The others. That is what he had become on the ever-expanding season, a schedule of Players Tour championship events that almost unnoticed drifts in and out of one minor venue after another. One of the others at the South West Academy in Gloucester, one of the others at the Convention Centre in Killarney, one of the others at the Bailey Allen in Galway, one of the others in Warsaw and Antwerp and Fuerth in Germany.
Hendry started his Players Tour Championship season by losing to the 20-year-old Englishman, Kyren Wilson, at the English Institute of Sport in Sheffield. That defeat took him outside the world’s top-16 for the first time in over 20 years. Then he fell to 21st and missed one of the marquee events of the year, the Masters, for the first time in 23 years, a tournament he owned when in his pomp, winning five in a row from 1989 and winning six times in all.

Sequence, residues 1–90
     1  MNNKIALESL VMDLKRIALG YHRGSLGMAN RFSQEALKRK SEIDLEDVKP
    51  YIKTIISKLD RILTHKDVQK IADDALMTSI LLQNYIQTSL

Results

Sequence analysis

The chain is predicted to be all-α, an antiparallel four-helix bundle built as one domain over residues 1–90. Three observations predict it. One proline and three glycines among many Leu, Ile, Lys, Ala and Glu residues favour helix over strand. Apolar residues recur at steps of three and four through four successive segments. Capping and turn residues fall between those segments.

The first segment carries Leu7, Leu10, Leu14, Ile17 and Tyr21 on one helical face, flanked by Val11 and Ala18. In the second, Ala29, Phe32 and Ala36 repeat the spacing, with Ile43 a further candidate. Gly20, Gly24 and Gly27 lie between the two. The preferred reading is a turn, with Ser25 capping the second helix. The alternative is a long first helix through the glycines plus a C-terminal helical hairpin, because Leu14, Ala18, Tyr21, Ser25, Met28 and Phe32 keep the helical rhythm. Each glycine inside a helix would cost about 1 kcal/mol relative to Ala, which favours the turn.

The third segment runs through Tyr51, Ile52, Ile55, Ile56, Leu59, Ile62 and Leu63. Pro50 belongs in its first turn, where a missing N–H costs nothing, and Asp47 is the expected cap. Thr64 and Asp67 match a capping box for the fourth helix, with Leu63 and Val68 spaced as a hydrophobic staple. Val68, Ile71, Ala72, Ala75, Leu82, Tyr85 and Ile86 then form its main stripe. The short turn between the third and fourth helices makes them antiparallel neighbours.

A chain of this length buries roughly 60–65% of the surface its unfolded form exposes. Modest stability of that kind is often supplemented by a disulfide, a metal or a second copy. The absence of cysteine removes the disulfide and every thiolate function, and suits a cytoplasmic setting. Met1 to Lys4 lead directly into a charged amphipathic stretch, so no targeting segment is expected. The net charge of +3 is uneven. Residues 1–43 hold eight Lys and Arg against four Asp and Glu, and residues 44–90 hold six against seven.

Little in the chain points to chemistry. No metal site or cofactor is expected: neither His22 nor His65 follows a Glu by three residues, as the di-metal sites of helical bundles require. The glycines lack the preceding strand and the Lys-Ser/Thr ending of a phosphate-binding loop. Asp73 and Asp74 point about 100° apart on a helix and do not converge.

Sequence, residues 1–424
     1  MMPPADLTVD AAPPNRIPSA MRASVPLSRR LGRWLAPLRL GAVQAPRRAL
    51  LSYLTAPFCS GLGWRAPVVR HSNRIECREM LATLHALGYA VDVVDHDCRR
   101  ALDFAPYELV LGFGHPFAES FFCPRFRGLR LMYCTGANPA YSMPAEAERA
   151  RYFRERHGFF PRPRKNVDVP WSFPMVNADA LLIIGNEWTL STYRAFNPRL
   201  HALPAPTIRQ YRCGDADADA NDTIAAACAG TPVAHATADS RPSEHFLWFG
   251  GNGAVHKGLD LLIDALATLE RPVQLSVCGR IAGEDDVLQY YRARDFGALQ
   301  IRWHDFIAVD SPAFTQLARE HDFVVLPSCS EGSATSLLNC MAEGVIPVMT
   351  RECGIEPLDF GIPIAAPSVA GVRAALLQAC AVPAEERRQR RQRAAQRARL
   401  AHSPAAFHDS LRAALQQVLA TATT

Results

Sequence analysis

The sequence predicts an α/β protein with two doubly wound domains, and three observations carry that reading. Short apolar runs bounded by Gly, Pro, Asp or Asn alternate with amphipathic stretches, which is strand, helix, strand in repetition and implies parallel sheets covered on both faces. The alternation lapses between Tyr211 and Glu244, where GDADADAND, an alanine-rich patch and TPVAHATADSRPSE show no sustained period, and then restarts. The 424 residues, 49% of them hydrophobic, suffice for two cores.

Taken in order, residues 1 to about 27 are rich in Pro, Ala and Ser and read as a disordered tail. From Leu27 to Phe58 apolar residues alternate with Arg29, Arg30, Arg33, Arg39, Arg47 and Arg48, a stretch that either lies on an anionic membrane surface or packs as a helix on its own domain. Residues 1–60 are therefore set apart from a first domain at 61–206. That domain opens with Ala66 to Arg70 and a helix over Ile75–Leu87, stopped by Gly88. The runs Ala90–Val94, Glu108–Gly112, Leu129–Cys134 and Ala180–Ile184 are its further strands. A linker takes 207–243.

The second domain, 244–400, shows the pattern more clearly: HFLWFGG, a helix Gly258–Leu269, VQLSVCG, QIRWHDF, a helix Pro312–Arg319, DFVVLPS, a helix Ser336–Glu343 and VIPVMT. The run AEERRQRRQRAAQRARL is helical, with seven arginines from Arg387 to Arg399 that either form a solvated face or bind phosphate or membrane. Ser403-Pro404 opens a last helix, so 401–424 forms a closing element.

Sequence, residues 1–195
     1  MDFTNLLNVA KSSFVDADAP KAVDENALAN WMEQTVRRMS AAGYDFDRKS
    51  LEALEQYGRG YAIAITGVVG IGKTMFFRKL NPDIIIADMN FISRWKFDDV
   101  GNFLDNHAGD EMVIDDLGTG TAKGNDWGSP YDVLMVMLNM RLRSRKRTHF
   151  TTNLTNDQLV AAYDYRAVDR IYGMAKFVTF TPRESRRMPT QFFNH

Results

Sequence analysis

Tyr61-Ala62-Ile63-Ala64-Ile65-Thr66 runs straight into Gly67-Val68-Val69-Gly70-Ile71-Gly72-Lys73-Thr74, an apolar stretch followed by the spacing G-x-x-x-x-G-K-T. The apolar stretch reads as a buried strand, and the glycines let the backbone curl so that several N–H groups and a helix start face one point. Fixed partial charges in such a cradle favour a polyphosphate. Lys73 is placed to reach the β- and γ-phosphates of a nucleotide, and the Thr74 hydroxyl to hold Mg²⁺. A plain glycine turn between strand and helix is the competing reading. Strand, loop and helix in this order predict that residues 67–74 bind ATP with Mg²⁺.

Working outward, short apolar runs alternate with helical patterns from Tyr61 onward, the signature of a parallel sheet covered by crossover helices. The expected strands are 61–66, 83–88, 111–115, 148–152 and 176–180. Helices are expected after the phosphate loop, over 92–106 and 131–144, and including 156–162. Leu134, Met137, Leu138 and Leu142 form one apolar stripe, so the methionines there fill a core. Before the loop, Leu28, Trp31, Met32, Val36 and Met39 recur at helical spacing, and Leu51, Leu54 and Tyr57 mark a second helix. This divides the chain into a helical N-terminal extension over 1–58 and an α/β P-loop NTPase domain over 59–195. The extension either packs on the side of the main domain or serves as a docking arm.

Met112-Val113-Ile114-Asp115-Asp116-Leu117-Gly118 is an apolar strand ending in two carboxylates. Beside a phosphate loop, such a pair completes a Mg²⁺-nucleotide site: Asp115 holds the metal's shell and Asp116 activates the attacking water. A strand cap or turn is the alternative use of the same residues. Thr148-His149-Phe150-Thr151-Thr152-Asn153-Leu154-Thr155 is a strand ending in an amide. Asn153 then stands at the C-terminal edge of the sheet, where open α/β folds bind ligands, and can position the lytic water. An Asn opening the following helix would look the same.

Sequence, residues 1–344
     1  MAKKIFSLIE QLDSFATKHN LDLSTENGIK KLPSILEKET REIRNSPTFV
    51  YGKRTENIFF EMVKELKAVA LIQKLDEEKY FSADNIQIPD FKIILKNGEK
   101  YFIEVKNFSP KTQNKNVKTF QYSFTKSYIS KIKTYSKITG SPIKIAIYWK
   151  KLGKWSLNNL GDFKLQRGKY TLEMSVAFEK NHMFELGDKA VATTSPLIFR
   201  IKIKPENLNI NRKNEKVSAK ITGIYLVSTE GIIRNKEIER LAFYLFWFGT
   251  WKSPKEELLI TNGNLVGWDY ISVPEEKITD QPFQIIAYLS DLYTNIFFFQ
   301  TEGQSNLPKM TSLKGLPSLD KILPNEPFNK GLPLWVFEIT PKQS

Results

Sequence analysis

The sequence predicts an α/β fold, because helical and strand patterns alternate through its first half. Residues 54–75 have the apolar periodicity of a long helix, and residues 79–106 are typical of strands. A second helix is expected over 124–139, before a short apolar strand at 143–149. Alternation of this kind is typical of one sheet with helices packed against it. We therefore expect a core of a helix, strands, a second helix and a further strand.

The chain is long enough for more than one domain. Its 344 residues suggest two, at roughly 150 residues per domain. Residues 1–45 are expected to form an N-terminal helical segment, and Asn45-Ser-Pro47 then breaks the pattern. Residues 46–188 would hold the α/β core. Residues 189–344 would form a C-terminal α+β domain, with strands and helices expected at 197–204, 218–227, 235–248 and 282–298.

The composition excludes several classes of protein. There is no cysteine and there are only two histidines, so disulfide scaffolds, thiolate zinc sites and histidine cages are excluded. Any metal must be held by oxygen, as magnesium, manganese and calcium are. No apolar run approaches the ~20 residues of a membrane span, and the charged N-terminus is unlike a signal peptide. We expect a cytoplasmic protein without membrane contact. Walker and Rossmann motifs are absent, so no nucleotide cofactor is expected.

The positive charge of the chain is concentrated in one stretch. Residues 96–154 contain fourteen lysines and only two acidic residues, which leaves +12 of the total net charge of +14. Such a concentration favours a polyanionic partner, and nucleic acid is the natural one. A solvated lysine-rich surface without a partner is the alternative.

He had got into a cycle of grim venues, the kind of places he used to adore when he was a kid and had the determination and the bottle to beat everything in his path, but it’s hard to go back to these places when you know what life is like on the other side, when you’ve got a family and business interests, when you really don’t care as much as you used to. He was forced to qualify to play in the UK championships, forced to qualify again for a place in the Welsh Open and the China Open and the world championships. By the time he reached the Crucible he had made his mind up that he wasn’t doing this to himself anymore, that it was one last hurrah at Sheffield and he was out.